The Affect that giving up has on the Victim and the Military

You know that every once in a while, I think that Hollywood can make a very valid and thought provoking point with some of the shows it produces but most of the time I think that they just cobble ideas together and find more drama than substance.  I say that to make a point about something I had not thought about and am sure many others haven’t even considered.

First a little background.  I was watching the show called “Criminal Minds” where the father of an abducted son was asked why he stopped going back to the place where his son was abducted after during so for several years like clockwork.  His response was because he felt that his son was no longer alive so he felt no need to continue to go there.  It got me to thinking about all those other times I had heard the similar statement coming from parents and loved ones of those who have gone missing and the result of them owning that feeling that they were still alive and never losing hope.  It made me began to think if those victims who were abducted could feel that hope and it somehow made them hold on to the very end and in some cases finding their way back home.  I also began to wonder and remember my own personal experience and how that hope that I thought I felt coming from my loved ones helped me survive.  I began to wonder if other military members felt that way and use that today to keep their senses about them as they travel that treacherous road they are on.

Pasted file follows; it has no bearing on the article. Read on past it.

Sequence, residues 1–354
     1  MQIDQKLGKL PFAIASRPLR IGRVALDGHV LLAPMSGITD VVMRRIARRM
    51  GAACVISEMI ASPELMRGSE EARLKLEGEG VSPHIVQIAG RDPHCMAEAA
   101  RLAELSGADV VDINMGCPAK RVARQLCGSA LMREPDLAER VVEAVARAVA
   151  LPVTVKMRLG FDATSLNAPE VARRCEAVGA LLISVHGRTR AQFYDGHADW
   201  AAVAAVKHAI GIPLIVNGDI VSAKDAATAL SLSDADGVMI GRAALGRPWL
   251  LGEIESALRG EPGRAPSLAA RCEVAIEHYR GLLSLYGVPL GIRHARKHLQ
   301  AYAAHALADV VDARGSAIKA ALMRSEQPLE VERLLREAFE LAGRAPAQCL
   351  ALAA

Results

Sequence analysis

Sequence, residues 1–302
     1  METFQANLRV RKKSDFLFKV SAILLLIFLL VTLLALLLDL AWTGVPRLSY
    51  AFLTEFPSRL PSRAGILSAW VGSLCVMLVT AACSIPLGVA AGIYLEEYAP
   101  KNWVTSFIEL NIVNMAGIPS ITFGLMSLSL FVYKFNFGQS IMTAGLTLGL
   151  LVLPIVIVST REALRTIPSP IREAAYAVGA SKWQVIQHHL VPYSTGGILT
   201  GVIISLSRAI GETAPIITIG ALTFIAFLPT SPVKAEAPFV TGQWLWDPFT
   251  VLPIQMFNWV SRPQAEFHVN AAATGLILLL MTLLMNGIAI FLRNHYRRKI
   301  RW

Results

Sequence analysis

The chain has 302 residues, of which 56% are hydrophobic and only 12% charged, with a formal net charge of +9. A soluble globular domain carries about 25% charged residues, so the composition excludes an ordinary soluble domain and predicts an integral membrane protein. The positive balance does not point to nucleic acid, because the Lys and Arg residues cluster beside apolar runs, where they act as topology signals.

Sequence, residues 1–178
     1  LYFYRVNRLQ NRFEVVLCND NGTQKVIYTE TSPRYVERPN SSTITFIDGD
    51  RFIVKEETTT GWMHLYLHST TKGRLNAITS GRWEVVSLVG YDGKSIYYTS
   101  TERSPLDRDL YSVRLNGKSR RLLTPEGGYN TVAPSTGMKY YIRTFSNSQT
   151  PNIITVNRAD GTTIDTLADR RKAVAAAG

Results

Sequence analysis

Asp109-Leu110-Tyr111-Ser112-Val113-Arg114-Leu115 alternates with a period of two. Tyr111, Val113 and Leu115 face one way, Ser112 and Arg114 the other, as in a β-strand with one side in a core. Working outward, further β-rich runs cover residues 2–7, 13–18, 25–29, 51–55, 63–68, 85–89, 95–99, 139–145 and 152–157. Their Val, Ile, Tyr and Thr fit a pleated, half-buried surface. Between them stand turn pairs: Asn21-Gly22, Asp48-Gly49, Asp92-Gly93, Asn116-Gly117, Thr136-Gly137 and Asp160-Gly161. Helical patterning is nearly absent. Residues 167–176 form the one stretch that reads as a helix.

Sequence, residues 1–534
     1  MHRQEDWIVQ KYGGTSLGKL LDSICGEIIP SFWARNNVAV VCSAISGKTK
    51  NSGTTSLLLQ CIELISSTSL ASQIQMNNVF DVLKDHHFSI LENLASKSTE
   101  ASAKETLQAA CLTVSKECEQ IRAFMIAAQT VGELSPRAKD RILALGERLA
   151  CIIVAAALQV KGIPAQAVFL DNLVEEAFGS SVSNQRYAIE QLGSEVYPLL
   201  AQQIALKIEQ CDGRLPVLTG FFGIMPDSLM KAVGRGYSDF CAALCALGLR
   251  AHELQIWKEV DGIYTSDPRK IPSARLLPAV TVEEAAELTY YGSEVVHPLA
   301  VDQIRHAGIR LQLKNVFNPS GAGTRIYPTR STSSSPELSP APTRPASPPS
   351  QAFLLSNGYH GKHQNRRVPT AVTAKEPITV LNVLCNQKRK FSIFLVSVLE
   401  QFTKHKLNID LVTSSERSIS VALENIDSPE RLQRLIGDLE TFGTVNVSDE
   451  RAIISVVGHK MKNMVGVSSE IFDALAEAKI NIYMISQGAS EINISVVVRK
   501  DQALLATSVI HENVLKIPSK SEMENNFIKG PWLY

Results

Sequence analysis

Consider this, what if that is the case and when we give up on that feeling that those taken from us are alive but we dismiss that feeling in order to prepare ourselves for the worse, it also makes them give up as well.  What if those who start a war that they will never take an active part in and those who embrace and support that war, suddenly give up on it while those dodging the bullets are still there struggling to survive.  What if those trying to stay alive suddenly feel that revoke of support and then decide that what they thought that they were fighting for was lost and there is really no need to continue to keep their eyes and ears open.

If this is the case, then do we not owe it to those who were abducted to trust the feeling that they are still alive and continue to hold out that hope for no other reason than to give them something to hold on to.  If this is the case, then do we not owe it to our military to continue to support them regardless of how long it takes so that it gives them the will and strength to fight on?  Just a thought, I could be wrong.

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